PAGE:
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CU: Ban BPA in children’s products

February 24, 2009

FDA Tacit in Acknowledgement of BPA Health Concerns; Consumers Union Again Calls on FDA to Ban BPA in Children’s Products and Food Containers

At today’s Science Board Hearing convened by the Food and Drug Administration (FDA) on bisphenol A (BPA), the FDA tacitly acknowledged the serious health concerns regarding BPA, but continued to defend their position that no public health safeguards should be implemented at this time.
“Consumers Union is glad that FDA will be conducting more studies, however it’s clear the agency is still trying to determine if exposure limits are appropriate,” said Dr. Urvashi Rangan, Senior Scientist and Policy Analyst, Consumers Union, nonprofit publisher of Consumer Reports. “Given the currently existing body of scientific knowledge about the health risks of BPA to consumers, we ask that the FDA act immediately to protect high risk populations, such as children and babies, while it gathers more data.”
Consumers Union also urged FDA to make public all testing information and encouraged the agency to do more bio-monitoring of blood levels of BPA in people. A study by the Centers for Disease Control (CDC) has shown that 93% of Americans excrete some BPA in their urine. Consumers Union again calls on FDA to ban BPA materials in infant and children’s products and food containers, as FDA already has enough scientific data to support such a decision.
In August 2008, the federal agency said BPA was safe for humans. But the agency only considered studies that had been financed by the plastics industry.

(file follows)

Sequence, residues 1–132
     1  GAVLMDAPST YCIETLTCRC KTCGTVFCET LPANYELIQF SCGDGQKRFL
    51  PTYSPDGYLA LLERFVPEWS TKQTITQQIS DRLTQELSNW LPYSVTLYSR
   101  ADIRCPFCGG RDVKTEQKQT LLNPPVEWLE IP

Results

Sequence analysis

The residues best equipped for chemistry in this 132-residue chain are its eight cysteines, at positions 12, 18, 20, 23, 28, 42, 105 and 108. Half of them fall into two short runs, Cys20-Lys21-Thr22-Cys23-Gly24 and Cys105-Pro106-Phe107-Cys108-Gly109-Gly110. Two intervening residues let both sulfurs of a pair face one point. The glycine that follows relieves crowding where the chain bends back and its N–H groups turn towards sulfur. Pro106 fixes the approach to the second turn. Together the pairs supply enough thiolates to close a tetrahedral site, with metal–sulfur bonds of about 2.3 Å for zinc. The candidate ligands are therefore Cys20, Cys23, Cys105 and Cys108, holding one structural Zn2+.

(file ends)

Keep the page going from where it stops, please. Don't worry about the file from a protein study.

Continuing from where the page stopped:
BPA—a chemical found in the linings of cans and in many plastic products, including sports bottles, food-storage containers and baby bottles—has potential links to a wide range of health effects. BPA has been linked to a variety of diseases including an increased risk of diseases or disorders of the brain, reproductive, and immune systems; recent studies have linked BPA exposure to problems with liver function testing, an increased risk of diabetes and heart disease, and interruptions in chemotherapy treatment; and BPA exposure has long been linked to hormonal disturbances. New studies also show that BPA seems to stay in the body longer than previously believed.
In 2008, the Canadian government banned its use in baby bottles, a position that today the Board said was out of an abundance of a caution.
CU was one of the first organizations to test and report on consumer products with BPA, and warned consumers about the potential risks almost a decade ago. Since CU’s first study, more than a hundred studies have been published showing a wide range of adverse effects in animals at low doses of BPA, doses that approximate current levels circulating in the human population. CU recently tested “BPA-free” claims on bottles and has also published advice on how consumers can reduce their exposure to BPA. For more information, please visit the food section of greenerchoices.org.
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Dr. Urvashi Rangan, 646.594.0212
Naomi Starkman, 917.539.3924